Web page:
Rabbit hunters are a diverse lot with many approaches to the pursuit.
For decades, area habitat supported abundant populations of cottontail rabbits in numbers that did not require a dog’s nose to sniff out bunny presence. As a longtime solo brush buster, many an idle hour was spent just getting some good walking exercise on long jaunts along and across field edges and around brush piles.
An occasional outing included hunters with rabbit hounds and these trips were rewarded with a few bunnies and golden times afield. Then rabbit numbers dropped off a few years back, but now they are staging a comeback, especially for hunters working good dogs.
Among hound-keeping hunters Rick Giermata at Smokes Creek Kennels in Lackawanna ranks high in training his dogs and field time with his band of beagles.
In mid January he, a longtime partner Frank Giacobbe of Snyder and I met on Grand Island for a rabbit hunt. Giermata and Giacobbe each brought two beagles to see how they run.
Giermata ran Prop, age 5, and Max, a solid 12-year old; Giacobbe headed out with Gunner, a 4-year-old and Striker an impressive youth at age two.
Unlike deer and turkey hunts, the pursuit of rabbits does not call for early rising. “The hunting often gets better as the day goes on,” Giermata said of the large plot he chose with two sides – a patch of heavy brush to the east and a more open area that was supposed to be the better fields to the west.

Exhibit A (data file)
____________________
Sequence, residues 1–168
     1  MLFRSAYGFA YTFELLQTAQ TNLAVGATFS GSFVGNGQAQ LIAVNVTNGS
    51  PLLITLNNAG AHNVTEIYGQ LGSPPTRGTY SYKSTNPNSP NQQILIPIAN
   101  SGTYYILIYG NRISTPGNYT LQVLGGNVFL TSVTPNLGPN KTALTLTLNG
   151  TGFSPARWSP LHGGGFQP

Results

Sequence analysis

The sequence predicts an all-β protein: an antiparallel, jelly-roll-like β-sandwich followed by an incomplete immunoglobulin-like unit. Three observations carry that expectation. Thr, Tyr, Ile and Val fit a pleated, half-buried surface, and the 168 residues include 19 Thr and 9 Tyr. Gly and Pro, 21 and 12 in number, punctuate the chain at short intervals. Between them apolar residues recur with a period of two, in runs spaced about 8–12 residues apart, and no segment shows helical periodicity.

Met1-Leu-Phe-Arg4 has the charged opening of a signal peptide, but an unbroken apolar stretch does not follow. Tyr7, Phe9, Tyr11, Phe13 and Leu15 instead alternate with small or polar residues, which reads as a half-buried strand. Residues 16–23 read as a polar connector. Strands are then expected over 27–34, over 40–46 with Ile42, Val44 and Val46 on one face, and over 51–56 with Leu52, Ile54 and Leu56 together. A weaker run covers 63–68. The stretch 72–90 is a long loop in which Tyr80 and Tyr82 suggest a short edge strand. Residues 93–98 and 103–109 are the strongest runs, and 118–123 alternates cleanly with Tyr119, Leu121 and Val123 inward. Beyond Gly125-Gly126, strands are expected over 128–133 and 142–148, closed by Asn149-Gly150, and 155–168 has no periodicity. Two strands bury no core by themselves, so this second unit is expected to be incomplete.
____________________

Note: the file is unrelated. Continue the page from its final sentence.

Hearing those hounds work a rabbit around a circle is another major draw on these outings. Most times, the dogs pick up a scent in one field and it might take another field or two before the on-scent howl is heard again. On this outing, the four dogs kept up a continuous howl for nearly every minute of a six-hour stalk.
Just a few steps into the rough, tall brush the dogs sent me a standing shot before the three of us were set up for the hunt. “One rabbit holed up, but the rest are running,” Giermata said as he and Giacobbe each put a rabbit in the bag.
Giacobbe, a businessman and major sponsor of Giermata’s annual rabbit derby, shoots a Remington 1100 and wants to make sure of his kills. Most of his running shots are 3 or 4 rounds at a time. During the Jan. 25 derby awards presentation, Giacobbe received a donor’s award for his support. Giermata announced him as Frank “machine gun” Giacobbe.
As the day progressed the rabbits continued circling with machine gun rapidity. “Generally, the bunnies are about 100 yards ahead of the dogs,” Giacobbe said. They were.
Modern electronic gear makes locating dogs and gauging rabbit runs. Giermata has a Garmin unit some five years old that monitors GPS positions on the dogs’ collars and shows either a map area or distance coordinates for each dog.
Some bunnies ran wider circles, Eight passed near me, but only three were open for a shot, and I finished with a rare three-for-three shot take that day.
Giermata took three and Giacobbe bagged two for a respectable finish at about 4 p.m. As we crossed from the dense to the open fields Giermata said, “I could come out and hunt almost every day and not hurt the rabbit population here.”
The rabbit presence was so good that the dogs were still baying when leashed up and our guns unloaded for the walk back to the trucks. On the way the beagles put up a rabbit in the lane on which we were leaving. Rabbits seemed everywhere.